Far too many to list here.  I read all over the place and consequently my favorite writers come from all genres and backgrounds, from Henry Miller to Gabriel Garcia Marquez, from Raymond Chandler, Elmore Leonard and John D. MacDonald to Thomas Hardy, Philip Roth, Michael Chabon, Joyce Carol Oates, Peter Straub and Stephen King.  Why?  Because they’re smart, empathic, courageous.  Because they’re good!

What is your opinion of mainstream/corporate bookstores?

I wish we had a lot more mom-and-pop, brick-and-mortar bookstores.  I seriously miss browsing.

What do you hope your readers will take away from your work?

The need for empathy and tenderness in the world, that the souls of beasts and humans matter.  And a few hours of just plain fun.

How much does personal experience play in your written work?

Depends on the piece.  Some, like THE GIRL NEXT DOOR and RED, are highly personal, others…?  I don’t know where the hell they came from!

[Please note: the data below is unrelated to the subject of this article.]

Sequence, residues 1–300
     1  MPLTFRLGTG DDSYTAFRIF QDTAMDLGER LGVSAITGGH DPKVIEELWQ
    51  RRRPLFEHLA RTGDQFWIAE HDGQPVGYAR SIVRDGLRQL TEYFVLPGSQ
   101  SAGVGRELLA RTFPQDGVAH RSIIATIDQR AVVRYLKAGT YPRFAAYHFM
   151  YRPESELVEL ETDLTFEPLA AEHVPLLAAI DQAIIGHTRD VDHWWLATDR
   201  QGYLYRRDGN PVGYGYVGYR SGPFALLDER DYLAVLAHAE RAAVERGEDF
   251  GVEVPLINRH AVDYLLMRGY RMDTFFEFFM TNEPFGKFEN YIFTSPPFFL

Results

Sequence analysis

How do you find the motivation to complete a book/story?  

Finishing a piece is almost always easy.  It’s getting started that’s hard.  Getting all your ducks in a row and then having the balls and suspension of disbelief  to say to yourself, this is really going to work.

What makes you NOT finish reading a book?

I give books a first paragraph test.  If it passes, then a first chapter test.  If it passes that, I’ll almost always finish the book — I can tell from there that I’m going to want to.   If it fails I scuttle it immediately.  Very occasionally, too much repetition will make me dump it.  I don’t want to waste reading-time.  Too much good stuff out there.

Do you believe writing should be censored – that some topics should remain taboo?